Kia is confident the Telluride will earn top safety marks from the NHTSA and IIHS, and buyers should feel good about the long list of drive assist systems including Lane Keep Assist, Blind Spot Collision Avoidance, and Lane Follow Assist (which essentially combines LKA and adaptive cruise). Telluride EX and SX get Highway Drive Assist, which Kia considers Level 2 semi-autonomous capability due to its ability to handle most highway steering and adjust to speed limits.

When it comes to efficiency, the EPA rates the FWD Telluride at 20/26 mpg city/highway, 19/24 for AWD. Those numbers are on par with Pilot and Highlander and slightly better than Atlas and the Chevrolet Traverse.

And with that, Toyota, Honda, and Ford have another serious contender in the crowded field of large three-row crossovers. With handsome looks and a well-rounded package, the new Telluride should have no worries about being abandoned.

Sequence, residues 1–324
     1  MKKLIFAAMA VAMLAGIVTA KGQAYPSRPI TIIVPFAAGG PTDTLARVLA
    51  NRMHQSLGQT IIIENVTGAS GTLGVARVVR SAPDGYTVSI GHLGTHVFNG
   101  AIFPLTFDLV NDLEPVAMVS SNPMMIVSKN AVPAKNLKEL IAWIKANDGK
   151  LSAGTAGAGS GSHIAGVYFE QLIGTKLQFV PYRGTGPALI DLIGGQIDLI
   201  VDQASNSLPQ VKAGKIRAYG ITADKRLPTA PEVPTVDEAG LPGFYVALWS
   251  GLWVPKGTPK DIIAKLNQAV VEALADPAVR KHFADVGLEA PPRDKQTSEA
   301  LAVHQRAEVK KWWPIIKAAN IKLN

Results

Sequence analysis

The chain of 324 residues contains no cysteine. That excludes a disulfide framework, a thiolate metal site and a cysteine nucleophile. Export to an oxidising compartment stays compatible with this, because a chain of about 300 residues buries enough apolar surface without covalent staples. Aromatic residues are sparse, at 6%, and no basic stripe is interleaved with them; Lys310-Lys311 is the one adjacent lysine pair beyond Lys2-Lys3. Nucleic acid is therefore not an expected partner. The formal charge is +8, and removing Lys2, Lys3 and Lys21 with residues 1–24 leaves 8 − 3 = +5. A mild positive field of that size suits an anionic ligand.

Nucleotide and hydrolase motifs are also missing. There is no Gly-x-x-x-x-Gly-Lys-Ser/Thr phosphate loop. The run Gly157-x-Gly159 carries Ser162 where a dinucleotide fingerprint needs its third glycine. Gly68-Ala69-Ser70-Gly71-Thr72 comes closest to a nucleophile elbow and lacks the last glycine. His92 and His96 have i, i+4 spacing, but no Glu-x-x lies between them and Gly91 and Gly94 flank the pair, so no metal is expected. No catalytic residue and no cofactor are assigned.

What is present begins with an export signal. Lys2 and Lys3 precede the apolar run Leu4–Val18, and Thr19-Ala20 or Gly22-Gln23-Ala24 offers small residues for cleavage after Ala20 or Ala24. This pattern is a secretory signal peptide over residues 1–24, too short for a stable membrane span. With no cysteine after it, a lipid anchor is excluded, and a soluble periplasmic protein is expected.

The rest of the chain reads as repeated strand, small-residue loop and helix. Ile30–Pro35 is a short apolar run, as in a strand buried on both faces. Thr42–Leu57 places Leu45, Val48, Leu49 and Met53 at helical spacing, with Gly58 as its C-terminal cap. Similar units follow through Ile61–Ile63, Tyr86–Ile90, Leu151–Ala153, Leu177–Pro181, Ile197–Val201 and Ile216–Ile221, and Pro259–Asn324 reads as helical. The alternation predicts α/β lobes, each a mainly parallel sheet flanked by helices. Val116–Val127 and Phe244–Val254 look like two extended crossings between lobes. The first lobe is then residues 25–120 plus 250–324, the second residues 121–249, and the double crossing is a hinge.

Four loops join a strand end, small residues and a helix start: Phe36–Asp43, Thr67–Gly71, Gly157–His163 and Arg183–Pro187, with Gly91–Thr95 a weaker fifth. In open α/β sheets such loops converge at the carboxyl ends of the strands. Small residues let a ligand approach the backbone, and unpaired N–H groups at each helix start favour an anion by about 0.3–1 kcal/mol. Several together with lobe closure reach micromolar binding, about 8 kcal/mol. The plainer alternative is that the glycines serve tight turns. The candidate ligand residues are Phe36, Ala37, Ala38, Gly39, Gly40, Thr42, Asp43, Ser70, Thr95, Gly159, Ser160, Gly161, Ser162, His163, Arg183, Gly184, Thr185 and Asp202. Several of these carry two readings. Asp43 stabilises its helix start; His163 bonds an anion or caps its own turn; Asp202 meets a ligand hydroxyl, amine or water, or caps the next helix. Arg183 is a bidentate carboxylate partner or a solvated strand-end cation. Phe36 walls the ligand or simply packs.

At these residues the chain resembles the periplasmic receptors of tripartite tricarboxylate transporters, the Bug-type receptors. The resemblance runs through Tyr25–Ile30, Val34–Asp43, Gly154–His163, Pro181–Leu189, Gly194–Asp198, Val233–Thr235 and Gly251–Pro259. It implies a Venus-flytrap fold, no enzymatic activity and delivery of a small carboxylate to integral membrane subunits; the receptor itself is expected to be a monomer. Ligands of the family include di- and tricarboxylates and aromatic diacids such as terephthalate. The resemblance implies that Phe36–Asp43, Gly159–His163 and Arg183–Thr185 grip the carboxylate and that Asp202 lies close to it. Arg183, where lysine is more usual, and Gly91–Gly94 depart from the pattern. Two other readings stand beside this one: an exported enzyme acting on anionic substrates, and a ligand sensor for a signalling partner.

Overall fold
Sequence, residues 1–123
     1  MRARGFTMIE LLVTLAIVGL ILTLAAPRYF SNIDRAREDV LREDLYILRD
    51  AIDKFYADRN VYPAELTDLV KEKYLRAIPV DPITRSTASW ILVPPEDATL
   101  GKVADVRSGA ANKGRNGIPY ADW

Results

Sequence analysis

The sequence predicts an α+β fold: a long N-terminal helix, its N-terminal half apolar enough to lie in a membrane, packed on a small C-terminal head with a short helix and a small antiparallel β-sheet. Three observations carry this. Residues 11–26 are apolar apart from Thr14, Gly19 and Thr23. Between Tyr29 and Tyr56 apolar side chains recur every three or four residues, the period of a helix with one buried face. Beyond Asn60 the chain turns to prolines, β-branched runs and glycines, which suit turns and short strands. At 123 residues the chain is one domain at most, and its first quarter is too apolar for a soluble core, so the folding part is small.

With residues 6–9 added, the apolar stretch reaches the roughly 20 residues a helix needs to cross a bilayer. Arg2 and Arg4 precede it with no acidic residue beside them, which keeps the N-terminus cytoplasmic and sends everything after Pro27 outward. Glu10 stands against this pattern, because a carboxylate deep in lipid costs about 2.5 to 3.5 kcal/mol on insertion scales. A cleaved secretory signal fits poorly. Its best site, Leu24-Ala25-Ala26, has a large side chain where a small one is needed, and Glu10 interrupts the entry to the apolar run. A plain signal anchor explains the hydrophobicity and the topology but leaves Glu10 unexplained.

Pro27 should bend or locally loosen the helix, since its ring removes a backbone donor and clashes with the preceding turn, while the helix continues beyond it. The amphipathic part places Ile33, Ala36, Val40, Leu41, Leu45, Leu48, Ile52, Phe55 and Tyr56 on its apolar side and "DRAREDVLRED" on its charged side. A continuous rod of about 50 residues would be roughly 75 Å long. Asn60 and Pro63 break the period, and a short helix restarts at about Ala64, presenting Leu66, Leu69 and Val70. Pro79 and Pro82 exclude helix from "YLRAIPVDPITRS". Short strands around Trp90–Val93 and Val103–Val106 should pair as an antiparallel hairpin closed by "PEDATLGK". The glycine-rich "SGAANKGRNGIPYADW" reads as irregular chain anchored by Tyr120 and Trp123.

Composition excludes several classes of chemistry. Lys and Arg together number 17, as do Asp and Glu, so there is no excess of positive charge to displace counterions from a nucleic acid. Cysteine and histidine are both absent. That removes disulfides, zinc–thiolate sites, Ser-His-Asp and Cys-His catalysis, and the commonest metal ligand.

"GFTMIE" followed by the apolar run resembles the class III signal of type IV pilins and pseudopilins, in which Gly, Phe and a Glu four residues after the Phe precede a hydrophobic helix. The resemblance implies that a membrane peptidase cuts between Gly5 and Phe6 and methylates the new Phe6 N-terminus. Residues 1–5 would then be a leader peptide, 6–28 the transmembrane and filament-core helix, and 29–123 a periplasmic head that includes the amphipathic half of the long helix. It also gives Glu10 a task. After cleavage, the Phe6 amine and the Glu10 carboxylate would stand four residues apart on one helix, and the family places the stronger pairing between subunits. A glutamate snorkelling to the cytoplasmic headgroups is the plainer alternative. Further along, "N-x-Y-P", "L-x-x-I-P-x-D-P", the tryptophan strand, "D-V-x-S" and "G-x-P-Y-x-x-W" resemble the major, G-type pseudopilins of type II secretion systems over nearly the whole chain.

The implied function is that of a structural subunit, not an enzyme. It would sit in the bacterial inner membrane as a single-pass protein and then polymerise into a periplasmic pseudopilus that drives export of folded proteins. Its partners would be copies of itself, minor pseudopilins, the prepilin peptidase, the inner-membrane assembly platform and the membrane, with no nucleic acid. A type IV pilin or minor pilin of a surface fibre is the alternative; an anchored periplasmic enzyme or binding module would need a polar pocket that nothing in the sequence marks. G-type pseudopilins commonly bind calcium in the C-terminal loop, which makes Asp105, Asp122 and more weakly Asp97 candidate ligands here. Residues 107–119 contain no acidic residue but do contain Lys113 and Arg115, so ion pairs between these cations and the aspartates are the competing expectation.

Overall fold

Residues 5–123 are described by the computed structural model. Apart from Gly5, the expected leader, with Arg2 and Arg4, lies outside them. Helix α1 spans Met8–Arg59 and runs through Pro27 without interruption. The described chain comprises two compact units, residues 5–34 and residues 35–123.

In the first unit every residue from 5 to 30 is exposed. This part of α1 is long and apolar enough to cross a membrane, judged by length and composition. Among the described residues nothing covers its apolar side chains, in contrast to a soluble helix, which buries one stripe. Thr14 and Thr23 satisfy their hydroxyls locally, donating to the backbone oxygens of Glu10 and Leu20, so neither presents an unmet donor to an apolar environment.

The post 2020 Kia Telluride First Drive: New City Name and High Hopes appeared first on Motortrend.

Hyundai Tucson N Line Brings Suspension, Cosmetic Upgrades

Thu, 03/21/2019 - 3:45pm

We’ve heard rumors that Hyundai will introduce a high-performance Tucson N making as much as 340 hp. Still no official word on that front, but we do know Hyundai is rolling out a less aggressive but still sporty N Line version of the compact crossover.

The Hyundai Tucson N Line is coming to Europe with cosmetic and mild performance upgrades. Look for new bumpers, a dark mesh grille with a dark chrome frame, and dark 19-inch alloy wheels. The dark theme extends to the side mirror housings, rear spoiler, lights, and window frames. Open the doors, and you’ll find sport seats outfitted in a mix of leather and suede, branded with the N logo. Other accents include red stitching, alloy pedals, and an N gear shift lever.

Software changes promise a more linear steering feel on top models, Hyundai says. Also on top trim versions, the suspension springs have been updated to provide 8 percent greater rigidity up front and 5 percent more in the rear. Sadly, power upgrades aren’t part of the N Line treatment, at least not in the Tucson’s case.